The night we arrived in France I started my period. I hadn’t had many before, I wasn’t clued in to the warning signs. My knickers were stained with blood despite the wadges of toilet paper I had stuffed inside. My exchange partner was a boy. There was no way I could explain to him what was going on, and when we got to his house, I declined dinner and went straight upstairs to my room. Once there I changed my clothes, but I had no pads and I burst into tears with the stress of it all. The mum asked me if I wanted to call home. They couldn’t figure out why I was so distraught and I didn’t have the words to tell them, or any inclination to share my stained underwear.
The next day we went ice-skating. I awkwardly hugged the edge of the rink, the gigantic sanitary towel I had found in the bathroom cabinet lodged between my thighs as though I was riding a thoroughbred. Then I saw the most beautiful boy. His hair was dark and glossy and flopped over his tanned forehead. He wore a rollneck sweater – they all did – and blue denim jeans. His skin was clear of teenage acne, but it was his eyes that compelled me across the ice. They were a light aquamarine, a pool I wanted to dive into and never come up again.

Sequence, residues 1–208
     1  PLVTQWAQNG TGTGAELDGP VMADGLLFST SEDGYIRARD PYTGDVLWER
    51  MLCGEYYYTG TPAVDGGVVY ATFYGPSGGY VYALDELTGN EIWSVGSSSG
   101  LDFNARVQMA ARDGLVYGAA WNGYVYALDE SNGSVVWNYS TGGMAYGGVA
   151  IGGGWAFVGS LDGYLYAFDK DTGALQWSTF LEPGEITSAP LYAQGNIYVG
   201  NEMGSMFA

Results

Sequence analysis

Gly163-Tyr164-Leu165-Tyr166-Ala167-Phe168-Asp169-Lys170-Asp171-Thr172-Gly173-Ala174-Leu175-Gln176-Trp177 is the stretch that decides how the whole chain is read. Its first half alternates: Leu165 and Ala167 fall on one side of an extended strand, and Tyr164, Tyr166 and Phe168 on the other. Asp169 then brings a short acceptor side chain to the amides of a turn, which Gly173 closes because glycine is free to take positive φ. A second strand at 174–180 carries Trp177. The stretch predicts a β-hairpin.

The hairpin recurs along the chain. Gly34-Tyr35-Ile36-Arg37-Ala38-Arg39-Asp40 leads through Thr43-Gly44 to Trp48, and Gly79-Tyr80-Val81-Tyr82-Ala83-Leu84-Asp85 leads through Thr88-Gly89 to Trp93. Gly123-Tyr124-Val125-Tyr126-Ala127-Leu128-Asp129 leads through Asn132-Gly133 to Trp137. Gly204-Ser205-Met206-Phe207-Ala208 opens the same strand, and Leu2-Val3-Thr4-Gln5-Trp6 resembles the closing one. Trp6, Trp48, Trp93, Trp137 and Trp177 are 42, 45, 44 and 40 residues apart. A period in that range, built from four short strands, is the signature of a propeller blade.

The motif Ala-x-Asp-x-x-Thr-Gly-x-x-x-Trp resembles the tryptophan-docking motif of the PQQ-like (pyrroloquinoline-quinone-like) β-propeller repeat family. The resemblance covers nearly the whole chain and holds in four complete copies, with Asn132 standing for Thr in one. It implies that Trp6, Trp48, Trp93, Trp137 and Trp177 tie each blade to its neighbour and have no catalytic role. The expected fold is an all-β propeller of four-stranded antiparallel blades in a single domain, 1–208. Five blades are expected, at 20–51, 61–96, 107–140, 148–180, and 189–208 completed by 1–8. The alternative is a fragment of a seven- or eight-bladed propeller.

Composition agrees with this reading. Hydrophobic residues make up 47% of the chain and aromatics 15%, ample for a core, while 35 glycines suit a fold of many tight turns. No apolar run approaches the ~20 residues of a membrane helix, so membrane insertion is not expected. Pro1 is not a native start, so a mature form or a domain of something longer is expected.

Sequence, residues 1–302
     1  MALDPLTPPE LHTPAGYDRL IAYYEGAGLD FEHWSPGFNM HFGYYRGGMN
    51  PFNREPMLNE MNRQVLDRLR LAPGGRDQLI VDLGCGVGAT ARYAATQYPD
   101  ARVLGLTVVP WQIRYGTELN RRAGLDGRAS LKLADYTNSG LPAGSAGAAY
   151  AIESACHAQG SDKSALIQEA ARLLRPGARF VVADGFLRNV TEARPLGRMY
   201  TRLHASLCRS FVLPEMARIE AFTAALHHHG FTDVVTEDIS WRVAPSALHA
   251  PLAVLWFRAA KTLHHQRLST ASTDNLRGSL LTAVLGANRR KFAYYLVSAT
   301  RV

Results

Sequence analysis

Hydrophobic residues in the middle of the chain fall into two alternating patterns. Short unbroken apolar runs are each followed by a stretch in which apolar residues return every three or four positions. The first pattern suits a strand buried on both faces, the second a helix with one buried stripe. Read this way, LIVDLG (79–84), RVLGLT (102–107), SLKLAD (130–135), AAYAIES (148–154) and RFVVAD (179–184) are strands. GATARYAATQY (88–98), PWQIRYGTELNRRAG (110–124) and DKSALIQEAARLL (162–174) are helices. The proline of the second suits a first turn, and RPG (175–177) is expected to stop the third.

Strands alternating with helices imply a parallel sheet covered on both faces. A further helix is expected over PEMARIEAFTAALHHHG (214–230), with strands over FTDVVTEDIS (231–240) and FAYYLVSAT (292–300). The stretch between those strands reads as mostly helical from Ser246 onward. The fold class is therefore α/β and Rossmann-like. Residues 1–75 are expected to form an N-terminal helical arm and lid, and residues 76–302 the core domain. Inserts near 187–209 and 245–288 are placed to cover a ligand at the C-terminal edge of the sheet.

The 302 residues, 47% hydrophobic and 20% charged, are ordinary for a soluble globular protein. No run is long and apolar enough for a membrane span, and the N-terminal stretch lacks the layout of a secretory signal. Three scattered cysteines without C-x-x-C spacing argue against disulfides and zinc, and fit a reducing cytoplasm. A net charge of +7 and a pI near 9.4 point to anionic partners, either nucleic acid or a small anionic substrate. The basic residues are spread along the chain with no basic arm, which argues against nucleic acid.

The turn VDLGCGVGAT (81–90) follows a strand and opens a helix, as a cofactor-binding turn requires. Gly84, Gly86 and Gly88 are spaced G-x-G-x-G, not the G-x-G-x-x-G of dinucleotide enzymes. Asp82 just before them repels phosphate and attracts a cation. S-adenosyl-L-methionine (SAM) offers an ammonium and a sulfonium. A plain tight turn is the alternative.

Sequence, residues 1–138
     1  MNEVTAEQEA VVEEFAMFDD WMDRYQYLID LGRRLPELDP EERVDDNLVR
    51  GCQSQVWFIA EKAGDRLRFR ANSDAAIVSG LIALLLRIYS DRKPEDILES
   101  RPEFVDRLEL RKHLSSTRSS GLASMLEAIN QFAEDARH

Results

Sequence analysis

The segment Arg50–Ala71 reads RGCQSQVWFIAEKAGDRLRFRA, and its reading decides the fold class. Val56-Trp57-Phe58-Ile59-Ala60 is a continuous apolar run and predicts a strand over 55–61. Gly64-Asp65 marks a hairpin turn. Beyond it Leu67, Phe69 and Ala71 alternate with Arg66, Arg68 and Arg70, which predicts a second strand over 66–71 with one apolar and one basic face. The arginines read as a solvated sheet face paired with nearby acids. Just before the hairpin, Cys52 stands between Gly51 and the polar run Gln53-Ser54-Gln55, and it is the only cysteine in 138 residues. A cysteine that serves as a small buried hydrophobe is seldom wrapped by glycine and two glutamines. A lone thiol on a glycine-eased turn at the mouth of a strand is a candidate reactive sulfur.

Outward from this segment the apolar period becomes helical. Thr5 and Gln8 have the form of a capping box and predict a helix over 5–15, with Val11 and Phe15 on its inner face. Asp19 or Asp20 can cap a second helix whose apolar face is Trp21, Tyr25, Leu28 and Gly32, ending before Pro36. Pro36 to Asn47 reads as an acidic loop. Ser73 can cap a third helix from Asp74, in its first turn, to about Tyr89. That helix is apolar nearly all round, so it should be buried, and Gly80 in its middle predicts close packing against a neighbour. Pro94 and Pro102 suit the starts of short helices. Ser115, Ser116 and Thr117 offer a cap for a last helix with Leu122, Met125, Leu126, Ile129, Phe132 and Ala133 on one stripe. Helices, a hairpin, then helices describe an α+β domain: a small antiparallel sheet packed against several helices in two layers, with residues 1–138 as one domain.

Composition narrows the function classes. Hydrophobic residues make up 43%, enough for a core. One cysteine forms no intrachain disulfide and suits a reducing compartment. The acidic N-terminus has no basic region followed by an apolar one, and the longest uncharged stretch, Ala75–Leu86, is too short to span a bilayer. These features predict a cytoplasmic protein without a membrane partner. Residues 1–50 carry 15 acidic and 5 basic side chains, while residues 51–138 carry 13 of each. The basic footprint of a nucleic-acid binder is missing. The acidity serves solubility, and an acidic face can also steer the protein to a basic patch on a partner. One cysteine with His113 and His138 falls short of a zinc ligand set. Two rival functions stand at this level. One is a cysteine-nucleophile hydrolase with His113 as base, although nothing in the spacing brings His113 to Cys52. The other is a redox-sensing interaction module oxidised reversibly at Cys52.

I’ve no idea now how I summoned the nerve or found the words, but within minutes we were kissing and we spent the rest of the hour at the rink together, pressed up against the damp wall or skating round holding hands. He skated backwards, his fingers linked with mine, our eyes locked together. My exchange partner, Davide, seemed sour. My new love was his cousin, and so we saw each other again during the holiday, but never repeated our passionate embraces. Patrick gave me a ring before I left, a light tinny circle indented with stars.
I wore it on my thumb and for many years it was like a talisman, a sign that good things had happened to me. I had been the girl who kissed the boy.